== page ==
The satellite sensors became operational at a time that is very convenient for those who believe humans are causing a global warming crisis. Global temperatures declined from the mid-1940s through the late 1970s. As a result, the sensors coincidentally began measuring global temperatures at the very beginning of our most recent global warming trend. Had the sensors been in place 33 years earlier, during the 1940s, the overall pace of warming shown by the satellite sensors would be less than half what is shown by the post-1978 temperature data.

Even so, the measured temperature trend is quite modest. John Christy, who along with Roy Spencer oversees the NASA satellite sensor program, reports temperatures have warmed at an average pace of 0.14 degrees Celsius per decade since the satellite sensors became operational. This is merely half the pace predicted by computer models utilized by the United Nations Intergovernmental Panel on Climate Change (IPCC).

Christy appears to be making a generous concession regarding the warming that has occurred. The temperature data  seem to show warming closer to 0.3 degrees over the 33 year period, or 0.09 degrees Celsius per decade. But why quibble over the difference? A warming of 0.14 degrees per decade, or 1.4 degrees per century, is still significantly less than predicted by UN climate models and far from an impending global warming crisis.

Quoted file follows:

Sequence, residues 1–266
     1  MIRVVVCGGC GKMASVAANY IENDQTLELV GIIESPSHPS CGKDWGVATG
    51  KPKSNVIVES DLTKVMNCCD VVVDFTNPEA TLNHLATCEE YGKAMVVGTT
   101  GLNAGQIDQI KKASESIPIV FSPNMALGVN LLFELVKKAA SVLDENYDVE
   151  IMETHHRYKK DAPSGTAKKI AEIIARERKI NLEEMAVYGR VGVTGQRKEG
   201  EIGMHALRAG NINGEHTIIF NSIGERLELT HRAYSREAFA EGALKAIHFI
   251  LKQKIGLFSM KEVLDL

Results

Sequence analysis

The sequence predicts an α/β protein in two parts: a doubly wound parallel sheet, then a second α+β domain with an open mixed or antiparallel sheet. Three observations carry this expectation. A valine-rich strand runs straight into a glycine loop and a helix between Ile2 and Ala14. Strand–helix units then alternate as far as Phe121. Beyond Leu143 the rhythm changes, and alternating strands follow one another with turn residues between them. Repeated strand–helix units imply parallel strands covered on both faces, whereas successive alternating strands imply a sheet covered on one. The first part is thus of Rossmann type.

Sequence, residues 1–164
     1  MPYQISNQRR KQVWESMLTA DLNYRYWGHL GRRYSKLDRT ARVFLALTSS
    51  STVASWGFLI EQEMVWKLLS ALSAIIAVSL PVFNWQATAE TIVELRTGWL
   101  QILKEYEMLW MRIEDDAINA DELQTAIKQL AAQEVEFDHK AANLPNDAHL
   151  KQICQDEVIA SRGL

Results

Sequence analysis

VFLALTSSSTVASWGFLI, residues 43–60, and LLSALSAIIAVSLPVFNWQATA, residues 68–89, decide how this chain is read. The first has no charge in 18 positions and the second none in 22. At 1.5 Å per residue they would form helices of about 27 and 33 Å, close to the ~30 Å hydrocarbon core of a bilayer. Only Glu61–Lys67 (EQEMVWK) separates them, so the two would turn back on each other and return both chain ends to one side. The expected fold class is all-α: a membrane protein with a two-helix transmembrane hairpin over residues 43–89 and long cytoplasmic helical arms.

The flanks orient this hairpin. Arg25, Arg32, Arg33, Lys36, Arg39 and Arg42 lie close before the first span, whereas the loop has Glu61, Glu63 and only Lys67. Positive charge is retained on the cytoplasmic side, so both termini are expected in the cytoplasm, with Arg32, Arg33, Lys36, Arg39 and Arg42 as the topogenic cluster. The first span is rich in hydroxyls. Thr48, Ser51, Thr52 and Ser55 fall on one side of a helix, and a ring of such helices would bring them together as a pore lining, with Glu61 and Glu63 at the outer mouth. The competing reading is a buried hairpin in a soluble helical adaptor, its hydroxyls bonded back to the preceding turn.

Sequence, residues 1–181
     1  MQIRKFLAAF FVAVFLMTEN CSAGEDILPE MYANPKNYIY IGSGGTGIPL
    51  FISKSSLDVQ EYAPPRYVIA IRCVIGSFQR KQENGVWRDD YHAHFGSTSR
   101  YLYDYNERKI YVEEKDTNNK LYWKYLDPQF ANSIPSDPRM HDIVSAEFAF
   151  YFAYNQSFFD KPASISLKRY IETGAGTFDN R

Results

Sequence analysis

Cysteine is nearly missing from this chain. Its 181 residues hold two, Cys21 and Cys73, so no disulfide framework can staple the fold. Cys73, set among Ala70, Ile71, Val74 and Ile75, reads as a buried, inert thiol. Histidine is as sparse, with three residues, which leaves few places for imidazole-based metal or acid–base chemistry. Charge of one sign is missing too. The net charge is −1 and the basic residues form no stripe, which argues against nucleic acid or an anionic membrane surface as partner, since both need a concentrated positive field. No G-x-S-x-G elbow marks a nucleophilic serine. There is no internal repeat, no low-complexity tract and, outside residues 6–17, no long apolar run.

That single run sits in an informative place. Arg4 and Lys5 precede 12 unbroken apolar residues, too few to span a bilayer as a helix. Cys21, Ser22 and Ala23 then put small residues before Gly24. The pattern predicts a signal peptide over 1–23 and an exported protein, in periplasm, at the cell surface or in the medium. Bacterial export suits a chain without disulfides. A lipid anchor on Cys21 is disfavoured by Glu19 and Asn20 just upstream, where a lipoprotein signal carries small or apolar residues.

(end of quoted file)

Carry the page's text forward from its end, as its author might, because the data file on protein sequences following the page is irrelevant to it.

Importantly, the satellite sensors show less warming in the lower troposphere (approximately 10,000 feet above the earth’s surface) than is reported by surface temperature readings. Global warming theory holds that one of the fingerprints of human-induced global warming is more rapid warming in the lower troposphere than at the surface. The reason for this is carbon dioxide molecules reside in the lower troposphere and have their greatest heat-trapping effect there.

As a result, if global temperatures are rising as a result of human carbon dioxide emissions, the satellite sensors should report more warming in the lower troposphere than is actually occurring at the surface. In essence the satellite sensors should report a warming trend somewhat more severe than is actually occurring at the surface of the earth.